This is a simple example to show the workings of a Discounted Cash Flow (DCF) model, which is hopefully also understandable for non-mathematicians.

Using cash-flow-based measurement techniques is done using all the following factors:

- estimates of future cash flows. DCF Calculation – Value of the business
- possible variations in the estimated amount or timing of future cash flows for the asset or liability being measured, caused by the uncertainty inherent in the cash flows.
- the time value of money. DCF Calculation – Value of the business
- the price for bearing the uncertainty inherent in the cash flows (a risk premium or risk discount). The price for bearing that uncertainty depends on the extent of that uncertainty. It also reflects the fact that investors would generally pay less for an asset (and generally require more for taking on a liability) that has uncertain cash flows than for an asset (or liability) whose cash flows are certain. DCF Calculation – Value of the business
- other factors, for example, liquidity, if market participants would take those factors into account in the circumstances.

**THE CALCULATION MODEL DCF Calculation – Value of the business**

Five years a free cash flow of 100 and a terminal value for the rest of the life of the business of 300. The discount rate is 10% (see DCF, (1+i) is 1 plus 10% = 1.10). The Discounted Cash Flow value here is:

91 + 83 + 75 + 68 + 62 + 186 = 565. DCF Calculation – Value of the business

The nice thing of this model is you can easily see the ‘Time value of money’.

100 cash inflow at the end of 2018 is worth 91 at the beginning of 2018 (cash inflow assumed available at the end of 2018 (yes it is a simple model !)). But the cash inflow at the end of 2022 is worth only 62 at the beginning of 2018.

This also shows one of the big upsides of a DCF model, the further away in the future the lower the contribution of the cash inflow to the value of the business, or in other words the years the closest to historical financial data (which because it is history is believed to be the most accurate, which in case of cash is kinda true) weigh in the most. In addition the terminal value, representing all future cash flows after 2022 (the last detailed cash flow year) only weighs in for 33%.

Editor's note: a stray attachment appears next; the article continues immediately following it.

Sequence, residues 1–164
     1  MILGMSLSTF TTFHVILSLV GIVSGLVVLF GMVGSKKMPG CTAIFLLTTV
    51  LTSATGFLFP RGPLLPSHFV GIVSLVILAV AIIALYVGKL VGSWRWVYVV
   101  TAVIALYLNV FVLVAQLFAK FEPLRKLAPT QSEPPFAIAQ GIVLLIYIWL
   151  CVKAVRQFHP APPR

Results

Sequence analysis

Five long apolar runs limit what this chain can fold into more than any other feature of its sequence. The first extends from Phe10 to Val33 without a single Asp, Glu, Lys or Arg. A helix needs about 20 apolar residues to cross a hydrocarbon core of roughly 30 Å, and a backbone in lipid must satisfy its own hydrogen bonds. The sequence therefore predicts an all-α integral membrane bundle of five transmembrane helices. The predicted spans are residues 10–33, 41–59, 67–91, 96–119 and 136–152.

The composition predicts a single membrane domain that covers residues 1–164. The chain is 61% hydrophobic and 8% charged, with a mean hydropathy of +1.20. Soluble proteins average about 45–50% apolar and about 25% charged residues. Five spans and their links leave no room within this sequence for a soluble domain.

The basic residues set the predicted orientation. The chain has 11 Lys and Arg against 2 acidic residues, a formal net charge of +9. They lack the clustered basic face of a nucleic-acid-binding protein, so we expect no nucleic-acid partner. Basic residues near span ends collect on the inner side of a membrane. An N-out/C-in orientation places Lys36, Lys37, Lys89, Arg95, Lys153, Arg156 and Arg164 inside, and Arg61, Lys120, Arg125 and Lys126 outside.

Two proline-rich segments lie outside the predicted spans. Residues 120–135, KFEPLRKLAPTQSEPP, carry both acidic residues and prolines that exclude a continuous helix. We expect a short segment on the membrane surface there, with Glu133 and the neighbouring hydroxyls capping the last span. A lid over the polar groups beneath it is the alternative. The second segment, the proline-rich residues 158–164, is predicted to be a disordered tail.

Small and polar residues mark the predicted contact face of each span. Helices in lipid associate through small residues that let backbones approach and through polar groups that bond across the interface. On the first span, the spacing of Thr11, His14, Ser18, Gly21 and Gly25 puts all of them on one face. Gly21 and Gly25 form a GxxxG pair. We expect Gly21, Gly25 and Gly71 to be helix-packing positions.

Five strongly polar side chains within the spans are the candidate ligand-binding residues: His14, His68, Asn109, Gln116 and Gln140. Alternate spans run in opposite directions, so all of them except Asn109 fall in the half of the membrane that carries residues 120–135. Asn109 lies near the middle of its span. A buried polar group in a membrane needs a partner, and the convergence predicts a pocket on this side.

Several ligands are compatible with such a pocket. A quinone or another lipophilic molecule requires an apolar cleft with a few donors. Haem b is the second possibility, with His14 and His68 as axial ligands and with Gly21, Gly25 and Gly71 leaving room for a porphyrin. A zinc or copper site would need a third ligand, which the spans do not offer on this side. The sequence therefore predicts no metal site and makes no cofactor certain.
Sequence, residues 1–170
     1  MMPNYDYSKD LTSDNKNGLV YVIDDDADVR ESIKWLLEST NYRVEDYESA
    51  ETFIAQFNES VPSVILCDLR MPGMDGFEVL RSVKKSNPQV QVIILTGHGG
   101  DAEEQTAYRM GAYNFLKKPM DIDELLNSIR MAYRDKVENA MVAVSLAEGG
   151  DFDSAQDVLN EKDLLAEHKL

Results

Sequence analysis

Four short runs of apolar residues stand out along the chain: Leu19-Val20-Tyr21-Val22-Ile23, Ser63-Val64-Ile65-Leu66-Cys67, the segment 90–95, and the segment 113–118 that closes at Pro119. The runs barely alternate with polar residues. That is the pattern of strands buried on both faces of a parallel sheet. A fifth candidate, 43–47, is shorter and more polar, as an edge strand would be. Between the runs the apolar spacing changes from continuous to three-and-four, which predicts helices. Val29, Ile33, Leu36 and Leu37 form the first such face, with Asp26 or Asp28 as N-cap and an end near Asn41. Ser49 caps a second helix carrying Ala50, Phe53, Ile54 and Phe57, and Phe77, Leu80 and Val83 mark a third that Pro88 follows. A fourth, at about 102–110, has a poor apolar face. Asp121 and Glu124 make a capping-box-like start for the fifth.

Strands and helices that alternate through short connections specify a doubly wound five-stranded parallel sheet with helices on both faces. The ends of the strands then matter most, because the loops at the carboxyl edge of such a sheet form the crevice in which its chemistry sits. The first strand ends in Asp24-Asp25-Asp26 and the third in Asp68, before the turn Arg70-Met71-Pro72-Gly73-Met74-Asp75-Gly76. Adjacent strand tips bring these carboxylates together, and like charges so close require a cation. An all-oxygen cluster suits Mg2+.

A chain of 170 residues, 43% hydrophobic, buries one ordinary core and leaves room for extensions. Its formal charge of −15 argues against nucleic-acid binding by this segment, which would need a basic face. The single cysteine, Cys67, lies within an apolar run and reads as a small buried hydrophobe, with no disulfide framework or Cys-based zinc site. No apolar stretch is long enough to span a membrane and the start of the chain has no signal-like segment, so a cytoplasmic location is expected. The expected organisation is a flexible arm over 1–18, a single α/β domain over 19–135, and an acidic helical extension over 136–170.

Now a slightly more complicated model.

The case:

- 1 January YR1 is the valuation date,
- The pre-tax discount rate is 24% (this incorporates (c) the time value of money, (d) and (e) above at a pre-tax level). One of the other factors ((e) above) is a 3% annual growth after year 5 see last piont in this list)),
- The pre-tax capitalization rate to capitalize the perpetual annual cash flows from year 5 (150,300) to the business model terminal value is also 24%,
- The pre-tax fully adjusted cash flow is modeled to be received at the end of each year (model simplification),
- No long-term sustainable growth is assumed (the cash flow in year 5 will be generated for an indefinite period of time), If sustainable growth had been included, the pre-tax discount rate would have had to be reduced by 3%, so a 3% growth is included.

Here are the Discounted Cash Flow calculations:

Just look into the table, each calculation is detailed by (a) – (i) and the actual math shows in calculations. Compare this table to the calculation picture above to better understand the calculations.

These are still very simple models, the whole income and expense structure can be modeled to end in a pre-tax adjusted cash flow, which in general could come close to EBITDA less cash outflows representing a certain level of replacement investments.